Bo took the bird out of the cap and lifted it to the heavens.  And the owl?  It opened its wings and journeyed on to the rhythms of the wind.

We don’t stay very long in our Bethanies. We live in a world of myriad hellos and goodbyes. I wonder. When we get to the last of all of our somewheres and look back over all the places we have been, what will we see? What will our lives have been about?

One thing seems certain to me on this Holy Monday in 2020. My life will make more sense to me if I take time to hear the truth of this story in Mark: everywhere we go on the the way to wherever we are going, a face waits for us–the face of that woman in Bethany whose prophetic voice has too often been drowned out by the voices of the world.

She reminds us. And Jesus reminds us by the way he responds to her in this story. Those faces we meet on the journey? Those people who care for the sick and feed the hungry and teach our children and drive a neighbor to the doctor?  All those people whose voices have never been heard by the world but who struggle to live God’s grace and love every day?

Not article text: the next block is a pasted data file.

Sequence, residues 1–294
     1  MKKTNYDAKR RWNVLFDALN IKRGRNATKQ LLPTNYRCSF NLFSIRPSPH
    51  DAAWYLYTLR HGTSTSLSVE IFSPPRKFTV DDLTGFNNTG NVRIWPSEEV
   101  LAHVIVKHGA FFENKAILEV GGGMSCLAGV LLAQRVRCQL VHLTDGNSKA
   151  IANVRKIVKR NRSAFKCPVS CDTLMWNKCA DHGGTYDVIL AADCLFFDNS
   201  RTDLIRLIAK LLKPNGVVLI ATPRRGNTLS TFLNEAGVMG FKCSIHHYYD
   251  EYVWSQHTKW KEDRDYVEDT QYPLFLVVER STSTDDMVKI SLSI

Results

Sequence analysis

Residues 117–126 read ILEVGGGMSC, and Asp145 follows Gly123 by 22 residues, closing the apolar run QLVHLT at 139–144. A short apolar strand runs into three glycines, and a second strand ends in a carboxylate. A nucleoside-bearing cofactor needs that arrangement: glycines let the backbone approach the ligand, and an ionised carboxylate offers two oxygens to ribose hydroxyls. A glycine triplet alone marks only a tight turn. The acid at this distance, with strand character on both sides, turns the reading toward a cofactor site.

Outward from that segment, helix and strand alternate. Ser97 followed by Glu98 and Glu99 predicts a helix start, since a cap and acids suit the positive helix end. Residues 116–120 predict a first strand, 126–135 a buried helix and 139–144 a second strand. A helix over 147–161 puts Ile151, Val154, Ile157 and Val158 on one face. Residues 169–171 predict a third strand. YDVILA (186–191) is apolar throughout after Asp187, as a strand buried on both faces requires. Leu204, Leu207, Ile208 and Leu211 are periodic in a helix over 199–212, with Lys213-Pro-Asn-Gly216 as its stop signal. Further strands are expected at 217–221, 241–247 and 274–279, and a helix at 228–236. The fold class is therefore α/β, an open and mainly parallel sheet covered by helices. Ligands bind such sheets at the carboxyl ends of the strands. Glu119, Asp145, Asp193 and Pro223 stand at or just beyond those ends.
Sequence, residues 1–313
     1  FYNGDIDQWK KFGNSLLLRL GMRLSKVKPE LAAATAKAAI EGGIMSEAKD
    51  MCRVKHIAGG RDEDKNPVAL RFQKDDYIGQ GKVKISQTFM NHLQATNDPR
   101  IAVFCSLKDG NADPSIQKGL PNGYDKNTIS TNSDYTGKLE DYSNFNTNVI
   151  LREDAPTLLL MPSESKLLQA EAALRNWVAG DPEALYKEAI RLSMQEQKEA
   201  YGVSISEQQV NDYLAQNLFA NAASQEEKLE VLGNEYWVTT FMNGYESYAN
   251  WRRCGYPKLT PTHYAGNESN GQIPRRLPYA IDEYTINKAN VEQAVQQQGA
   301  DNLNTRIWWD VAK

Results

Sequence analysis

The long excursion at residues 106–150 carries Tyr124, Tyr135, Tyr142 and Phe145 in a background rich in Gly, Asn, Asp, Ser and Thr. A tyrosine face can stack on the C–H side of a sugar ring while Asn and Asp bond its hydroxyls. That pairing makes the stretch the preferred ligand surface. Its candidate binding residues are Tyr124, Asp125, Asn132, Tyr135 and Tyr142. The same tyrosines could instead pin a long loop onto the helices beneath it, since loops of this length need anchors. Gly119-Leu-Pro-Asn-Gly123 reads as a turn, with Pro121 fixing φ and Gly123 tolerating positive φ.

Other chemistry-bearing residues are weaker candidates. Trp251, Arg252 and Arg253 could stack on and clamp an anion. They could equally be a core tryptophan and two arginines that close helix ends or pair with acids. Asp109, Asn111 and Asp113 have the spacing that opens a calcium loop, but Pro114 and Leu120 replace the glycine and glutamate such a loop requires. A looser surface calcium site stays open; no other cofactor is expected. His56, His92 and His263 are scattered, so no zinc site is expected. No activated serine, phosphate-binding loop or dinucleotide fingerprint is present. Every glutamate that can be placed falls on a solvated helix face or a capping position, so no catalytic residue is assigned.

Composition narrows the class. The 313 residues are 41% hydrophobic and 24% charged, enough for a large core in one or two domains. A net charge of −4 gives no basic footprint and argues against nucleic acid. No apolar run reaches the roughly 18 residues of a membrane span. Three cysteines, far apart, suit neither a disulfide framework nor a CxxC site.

Every time the Gospel story is told, their story is told too, in memory of them.  Because in their faces of care and courage, we see the face of Christ.  In their voices, we hear the voice of Christ. 

It’s important to remember, you see. Christ is not just the one we’re on the way to; Christ is the journey.  For Christ is the way, the truth and the life. . .

bread upon waters

The powerful and prophetic intersecting of chronos and kairos are being distilled for me on this particular and peculiar Palm Sunday.

It seems, as one becomes older,
that the past has another pattern,
and ceases to be a mere sequence.

T.S. Eliot, Four Quartets

Liturgical time is not linear. It is cyclical.

As this pandemic Palm Sunday unfolds, I am reminded of the mysteries and gifts of liturgical time. Liturgical—and in some ways quarantine time—invites (if not urges) us to let go of conventional linear understandings of time and enter into God’s time. Kairos time.

Most of our everyday days are spent peering at the world and life through the gridded windows of Google calendars. We live and work and look at the world around us according to the rules of quantifiable and sequential chronos time. Watch time. Clock time.